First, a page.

The reign of two of Miami’s worst slumlords may have ended Thursday when a judge stripped them of control of their buildings — fouled by leaking sewage, crumbling ceilings and infestations — and turned them over to a third party with directions to repair squalid conditions.
For years, tenants of buildings owned by Abraham and Denise Vaknin say their landlords forced them to live like animals while their complaints piled up — along with city violation notices and millions in unpaid fines. On Thursday, a Miami-Dade judge issued a final judgment against the Vaknins’ companies and appointed a receiver to take financial control over their properties and make repairs.
“I really do think the Vaknins can not manage their properties anymore,” said Rebecca Schram, a Legal Services of Greater Miami attorney representing some of the tenants in their fight with the landlords. “That’s been proven time and again.”
Judge Barbara Areces’ order came as the result of hard work by the Vaknins’ tenants, and through a lawsuit filed by the City of Miami in October after the landlords ignored demands to repair their buildings and tallied more than $2.4 million in unpaid fines. Gaynisha Williams, who lives with her son in a first floor apartment at 6040 NW 12th Ave., says her landlords tried to evict her after she helped her neighbors fight for better living conditions.
“He’s got us living like we’re dogs,” said Williams, pointing to a crudely patched area of ceiling that fell last year on top of her son, dislocating his neck. “It ain’t about no money. It’s about respect.”
Williams says shoddy repairs to her unit haven’t helped much. She says her power goes out if she tries to run the air conditioning and microwave at the same time, and she has to scrub her bathroom with bleach to keep mold from growing as sewage drips from the second floor unit. Her own leaking toilet was “fixed” with cement.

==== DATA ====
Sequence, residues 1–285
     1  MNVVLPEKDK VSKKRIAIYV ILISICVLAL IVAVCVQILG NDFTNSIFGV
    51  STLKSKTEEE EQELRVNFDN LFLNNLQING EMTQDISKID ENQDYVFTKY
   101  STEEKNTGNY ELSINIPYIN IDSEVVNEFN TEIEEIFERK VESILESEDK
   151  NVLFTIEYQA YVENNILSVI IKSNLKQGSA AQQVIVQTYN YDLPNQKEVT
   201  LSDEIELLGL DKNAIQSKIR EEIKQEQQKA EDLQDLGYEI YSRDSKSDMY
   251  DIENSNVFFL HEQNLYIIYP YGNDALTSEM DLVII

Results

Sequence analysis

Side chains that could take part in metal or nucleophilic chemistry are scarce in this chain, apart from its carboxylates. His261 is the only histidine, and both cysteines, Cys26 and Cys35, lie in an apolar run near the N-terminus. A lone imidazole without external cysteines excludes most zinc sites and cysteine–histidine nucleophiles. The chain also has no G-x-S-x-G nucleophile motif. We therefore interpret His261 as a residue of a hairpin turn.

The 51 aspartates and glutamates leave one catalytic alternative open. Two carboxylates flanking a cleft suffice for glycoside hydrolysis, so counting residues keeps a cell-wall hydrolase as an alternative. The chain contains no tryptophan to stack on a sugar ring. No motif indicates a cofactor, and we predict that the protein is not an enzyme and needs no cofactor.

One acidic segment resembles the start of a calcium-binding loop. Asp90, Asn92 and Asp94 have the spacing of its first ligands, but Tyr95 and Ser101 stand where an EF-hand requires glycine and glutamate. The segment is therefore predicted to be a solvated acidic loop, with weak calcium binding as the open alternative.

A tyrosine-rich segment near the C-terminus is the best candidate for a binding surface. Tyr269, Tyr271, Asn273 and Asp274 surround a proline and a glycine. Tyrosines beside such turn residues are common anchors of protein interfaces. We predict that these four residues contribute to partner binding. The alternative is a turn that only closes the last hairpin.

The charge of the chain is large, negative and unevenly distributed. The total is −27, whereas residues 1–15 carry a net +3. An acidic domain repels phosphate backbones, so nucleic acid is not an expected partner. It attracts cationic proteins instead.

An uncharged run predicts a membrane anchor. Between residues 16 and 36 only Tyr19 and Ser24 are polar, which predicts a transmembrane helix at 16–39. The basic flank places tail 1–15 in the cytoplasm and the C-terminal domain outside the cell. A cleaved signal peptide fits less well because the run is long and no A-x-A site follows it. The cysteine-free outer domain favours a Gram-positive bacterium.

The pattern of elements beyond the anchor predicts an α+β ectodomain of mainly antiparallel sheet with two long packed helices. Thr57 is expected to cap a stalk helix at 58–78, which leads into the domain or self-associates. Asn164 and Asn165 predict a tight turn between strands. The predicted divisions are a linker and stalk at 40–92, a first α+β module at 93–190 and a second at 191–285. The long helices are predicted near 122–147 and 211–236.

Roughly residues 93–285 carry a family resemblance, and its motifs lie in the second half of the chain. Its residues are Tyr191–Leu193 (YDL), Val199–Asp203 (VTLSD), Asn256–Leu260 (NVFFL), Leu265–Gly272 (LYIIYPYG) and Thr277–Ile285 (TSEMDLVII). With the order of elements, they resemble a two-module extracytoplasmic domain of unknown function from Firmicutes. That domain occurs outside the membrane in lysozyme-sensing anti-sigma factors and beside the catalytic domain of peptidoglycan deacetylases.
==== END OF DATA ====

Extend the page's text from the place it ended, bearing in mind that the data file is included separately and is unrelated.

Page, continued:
In the building’s most recent inspection, state inspectors found fewer violations than in past months, but still documented spalled concrete, moldy ceilings and live roaches. Nearby, Kaleena Ware, who lives in one of eight other Miami buildings owned by the Vaknins’ companies, said she sued last month after her ceiling fan fell mid-spin and landed on her leg.
Angry about their living conditions, tenants of many of the buildings — at least one is boarded up — began to organize last year with the help of the Miami Workers Center and Legal Services of Greater Miami. They lobbied City Hall and the county. And recently, after stories ran in the Miami Herald and other media outlets about the conditions of the Vaknins’ buildings, Miami Mayor Tomás Regalado began calling for a return to criminal punishments for slumlords and State Rep. Daphne Campbell took interest in the case.
Attempts to reach the Vaknins, who live in New Jersey and have been accused of running slums in other parts of the country, were unsuccessful Thursday. But Keith Silverstein, an attorney hired this week by the defendants, said in court that the lawsuit had become political. He said his clients haven’t decided how to address the default judgment, but have agreed to facilitate a “seamless transition” to the receiver, a private attorney named Linda Leali.
Silverstein acknowledged the serious problems at the apartment buildings, but said a newly hired property manager was working to address and fix problems.
“The conditions at the property have been occurring for too long for the current property manager to come in and after only three weeks be accused of not repairing the entire scope of the violations,” he said. “I can not respond to the allegations specifically against the landlord that have gone on for months and months, because of 48 hours that I’ve been involved.”
Miami City Attorney Victoria Méndez said the Vaknins initially took a few steps to repair their buildings after the city filed its lawsuit, but her office moved to request a receiver when the speed and substance of those repairs made them seem more like window dressing. The Vaknins’ companies still own the buildings, but following Thursday’s ruling the hope is that the receiver will be able to use the rent to repair the Vaknins’ buildings.
“We think a receivership will be a very effective tool in order to make the owners of these properties do what they need to do,” Méndez said.
Silverstein said the problems at the apartment buildings are severe enough that the transition to a receiver will likely take weeks, at least. In the meantime, residents in the buildings say they now have hope that they’ll be able to live without swatting at rats at night and scrubbing mold off their showers with bleach.
If things don’t get better, Regalado said law enforcement officials ought to go back to the days when slumlords were hauled into court and charged criminally.
“This is the first good news,” he said of Thursday’s ruling, “but we still need to send a message to slumlords that they’ll be held accountable.”